- The Washington Times - Friday, December 26, 2008

The unofficial battle between Brett Favre and Aaron Rodgers goes to Chad Pennington.

Or so it would seem going into the final weekend of the NFL season.

Pennington is the quarterback who was released by the Jets in early August to make room for Favre. He was the forgotten element in the Favre-Rodgers drama in Green Bay. He was relegated to the transactions section in small type.

The big, bold headlines went to Favre, the would-be savior of the forlorn Jets. The big, bold question was put to the brain trust of the Packers, namely, “Are you guys sure you know what you are doing in trading Favre from a team that was an overtime session away from reaching the Super Bowl last season?”

That question persists in Green Bay, where the Packers have stumbled to a 5-10 record.

Not that the blame can be placed on Rodgers, who is the eighth-rated passer in the NFL with a 91.4 quarterback rating.

His rating far exceeds the ordinary 84.0 of Favre, the risk-taker who has reverted to his interception penchant. He has thrown six interceptions and only one touchdown in the last four games, three of them losses, as the Jets have fallen out of first place in the AFC East and trail the Patriots and, as fate would have it, the Dolphins by one game.

This delicious turn comes with an additional must-see bit of drama: Dolphins at Jets, Sunday, 4:15 p.m.

Pennington returns to his former home in a position to rip the guts out of the Jets.

He already has set New York tongues wagging with his improbable season. As the second-rated passer in the NFL, Pennington has taken a franchise that won only one game last season to the cusp of a playoff appearance.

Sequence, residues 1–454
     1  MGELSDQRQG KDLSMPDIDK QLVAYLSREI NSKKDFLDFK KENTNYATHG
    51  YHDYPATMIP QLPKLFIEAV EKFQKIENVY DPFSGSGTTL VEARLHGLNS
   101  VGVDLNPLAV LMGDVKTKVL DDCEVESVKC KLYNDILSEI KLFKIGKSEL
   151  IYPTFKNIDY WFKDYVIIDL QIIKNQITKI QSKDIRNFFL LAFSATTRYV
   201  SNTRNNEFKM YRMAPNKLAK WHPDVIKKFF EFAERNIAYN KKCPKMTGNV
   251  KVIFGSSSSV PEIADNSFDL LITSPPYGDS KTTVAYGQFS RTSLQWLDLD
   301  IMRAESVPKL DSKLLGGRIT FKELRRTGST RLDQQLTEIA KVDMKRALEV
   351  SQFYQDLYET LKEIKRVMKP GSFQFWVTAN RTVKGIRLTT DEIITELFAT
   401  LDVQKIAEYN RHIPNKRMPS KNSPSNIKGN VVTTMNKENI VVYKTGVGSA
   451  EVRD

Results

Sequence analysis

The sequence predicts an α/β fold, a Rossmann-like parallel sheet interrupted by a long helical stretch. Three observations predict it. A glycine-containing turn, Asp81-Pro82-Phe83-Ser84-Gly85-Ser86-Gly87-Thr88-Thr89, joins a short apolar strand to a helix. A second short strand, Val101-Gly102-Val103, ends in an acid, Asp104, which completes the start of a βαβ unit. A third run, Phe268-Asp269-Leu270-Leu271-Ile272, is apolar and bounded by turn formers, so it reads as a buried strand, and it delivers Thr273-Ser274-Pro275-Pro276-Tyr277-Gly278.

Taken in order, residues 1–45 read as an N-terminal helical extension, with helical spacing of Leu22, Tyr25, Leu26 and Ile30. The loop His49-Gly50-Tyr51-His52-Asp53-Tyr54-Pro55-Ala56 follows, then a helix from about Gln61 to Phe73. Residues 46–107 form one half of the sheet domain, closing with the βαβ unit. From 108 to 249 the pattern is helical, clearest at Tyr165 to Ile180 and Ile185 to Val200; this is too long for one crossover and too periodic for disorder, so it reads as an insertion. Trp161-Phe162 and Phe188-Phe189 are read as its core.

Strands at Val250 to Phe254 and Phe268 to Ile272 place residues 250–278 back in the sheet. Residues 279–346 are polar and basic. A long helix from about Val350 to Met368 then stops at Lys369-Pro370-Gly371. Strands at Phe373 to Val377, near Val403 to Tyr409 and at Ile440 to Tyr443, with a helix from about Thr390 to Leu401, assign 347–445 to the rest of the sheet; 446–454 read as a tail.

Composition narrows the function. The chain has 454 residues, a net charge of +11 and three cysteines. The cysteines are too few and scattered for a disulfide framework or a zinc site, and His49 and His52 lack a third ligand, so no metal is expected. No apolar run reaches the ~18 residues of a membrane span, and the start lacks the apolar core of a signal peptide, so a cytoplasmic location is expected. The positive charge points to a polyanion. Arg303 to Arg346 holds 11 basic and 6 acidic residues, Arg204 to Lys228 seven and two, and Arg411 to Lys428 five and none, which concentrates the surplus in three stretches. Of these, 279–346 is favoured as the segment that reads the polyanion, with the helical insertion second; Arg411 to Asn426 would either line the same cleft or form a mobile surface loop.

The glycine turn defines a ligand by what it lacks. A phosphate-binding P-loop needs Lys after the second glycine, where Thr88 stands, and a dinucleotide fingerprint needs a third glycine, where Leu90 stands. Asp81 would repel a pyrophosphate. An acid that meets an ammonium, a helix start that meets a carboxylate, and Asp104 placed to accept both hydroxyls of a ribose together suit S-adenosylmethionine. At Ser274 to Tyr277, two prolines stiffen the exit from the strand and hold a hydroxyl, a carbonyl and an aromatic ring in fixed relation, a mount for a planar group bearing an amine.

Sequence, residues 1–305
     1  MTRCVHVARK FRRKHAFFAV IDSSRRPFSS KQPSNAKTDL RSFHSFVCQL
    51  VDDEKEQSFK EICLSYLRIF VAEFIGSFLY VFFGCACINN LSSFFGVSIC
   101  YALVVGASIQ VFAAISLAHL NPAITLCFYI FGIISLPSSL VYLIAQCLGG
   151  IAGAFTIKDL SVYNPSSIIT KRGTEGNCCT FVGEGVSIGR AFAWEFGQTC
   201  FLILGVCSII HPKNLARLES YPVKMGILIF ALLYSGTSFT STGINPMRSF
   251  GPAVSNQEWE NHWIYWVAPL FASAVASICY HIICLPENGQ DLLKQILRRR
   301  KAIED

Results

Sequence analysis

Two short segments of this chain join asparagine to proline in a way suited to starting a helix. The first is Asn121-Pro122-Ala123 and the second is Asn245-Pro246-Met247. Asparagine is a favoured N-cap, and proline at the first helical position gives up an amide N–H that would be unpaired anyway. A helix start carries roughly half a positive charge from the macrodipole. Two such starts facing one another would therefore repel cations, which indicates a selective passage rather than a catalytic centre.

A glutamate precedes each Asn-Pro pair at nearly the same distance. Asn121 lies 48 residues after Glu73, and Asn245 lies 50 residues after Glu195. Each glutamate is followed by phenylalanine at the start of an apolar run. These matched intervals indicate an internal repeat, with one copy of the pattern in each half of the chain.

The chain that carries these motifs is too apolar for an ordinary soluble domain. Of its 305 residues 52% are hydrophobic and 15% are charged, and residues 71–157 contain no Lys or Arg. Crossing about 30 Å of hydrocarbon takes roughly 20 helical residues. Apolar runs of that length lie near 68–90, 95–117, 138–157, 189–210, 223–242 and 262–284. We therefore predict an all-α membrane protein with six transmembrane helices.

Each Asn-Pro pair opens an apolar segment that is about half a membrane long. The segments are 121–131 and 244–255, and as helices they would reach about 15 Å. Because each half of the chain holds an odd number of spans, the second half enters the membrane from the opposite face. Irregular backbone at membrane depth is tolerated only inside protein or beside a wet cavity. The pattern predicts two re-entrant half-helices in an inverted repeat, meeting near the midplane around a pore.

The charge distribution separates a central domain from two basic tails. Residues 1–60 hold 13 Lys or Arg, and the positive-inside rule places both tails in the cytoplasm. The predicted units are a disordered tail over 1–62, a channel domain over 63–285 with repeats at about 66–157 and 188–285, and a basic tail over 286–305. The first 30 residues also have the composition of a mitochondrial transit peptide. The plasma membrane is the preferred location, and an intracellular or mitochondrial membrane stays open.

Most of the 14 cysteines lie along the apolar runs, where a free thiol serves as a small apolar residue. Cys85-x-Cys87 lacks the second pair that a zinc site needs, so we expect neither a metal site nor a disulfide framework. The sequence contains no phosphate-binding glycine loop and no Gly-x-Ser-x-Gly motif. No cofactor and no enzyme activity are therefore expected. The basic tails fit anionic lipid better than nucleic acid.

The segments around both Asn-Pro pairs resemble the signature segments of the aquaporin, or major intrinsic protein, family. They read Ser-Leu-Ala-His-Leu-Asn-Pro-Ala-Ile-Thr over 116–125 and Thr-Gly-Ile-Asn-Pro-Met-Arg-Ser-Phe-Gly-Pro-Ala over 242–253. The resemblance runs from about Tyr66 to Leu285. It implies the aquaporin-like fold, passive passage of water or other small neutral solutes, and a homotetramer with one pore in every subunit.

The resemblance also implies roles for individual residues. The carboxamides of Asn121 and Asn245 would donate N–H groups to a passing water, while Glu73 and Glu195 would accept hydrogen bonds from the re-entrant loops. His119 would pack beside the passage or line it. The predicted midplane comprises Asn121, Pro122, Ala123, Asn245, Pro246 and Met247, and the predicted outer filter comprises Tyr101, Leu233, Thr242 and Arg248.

A victory not only would send the Dolphins into the playoffs, it also would leave the Jets ruing so many missed opportunities to claim a division title that seemed theirs until the last month of the season.

The self-evaluation process already appears to have started with the Jets judging from the tone of Favre’s weekly news conference.

“I’m disappointed, as everyone else in this building is disappointed,” Favre said of the team’s long-shot playoff hopes. “The opportunities that were presented to us, we couldn’t have asked for a better opportunity. I’m disappointed because we didn’t capitalize on that.”

The 39-year-old Favre also started anew with his annual will-he/won’t-he guessing game on retirement. It was that dimension of Favre that precipitated his departure from Green Bay.

At times he seemed to be implying that Sunday’s game would be his last, assuming the Jets do not make the playoffs.

“It’s been a great career,” he said at one point.

Favre, though, already has been down this well-worn path. He feels one way at the close of a season and then another way after he has had time to recuperate both mentally and physically.

Favre’s arm strength is not what it was earlier in the season whether because of age or a well-placed blow to his right shoulder. He plans to have the shoulder examined after the season, the results of which will help determine in part whether to return.

If Pennington ends up being the one ushering Favre through the exit door, that would be too rich.

It was Favre this and Favre that after he elected to end his retirement, and the Packers decided not to play along. It was 24/7 Favre at the start of training camp.

He wanted to play in Minnesota. He was rumored to be going to Tampa Bay. He wound up with the Jets.

Pennington? He was just the other guy, found lacking in pizzazz.

Now he is the one who has fashioned a season to savor, leading the Dolphins to a 10-5 record. Now he is the one who could steal the big, bold headlines in Manhattan’s tabloids if he delivers the final blow to his old team on his first trip back to the Meadowlands.

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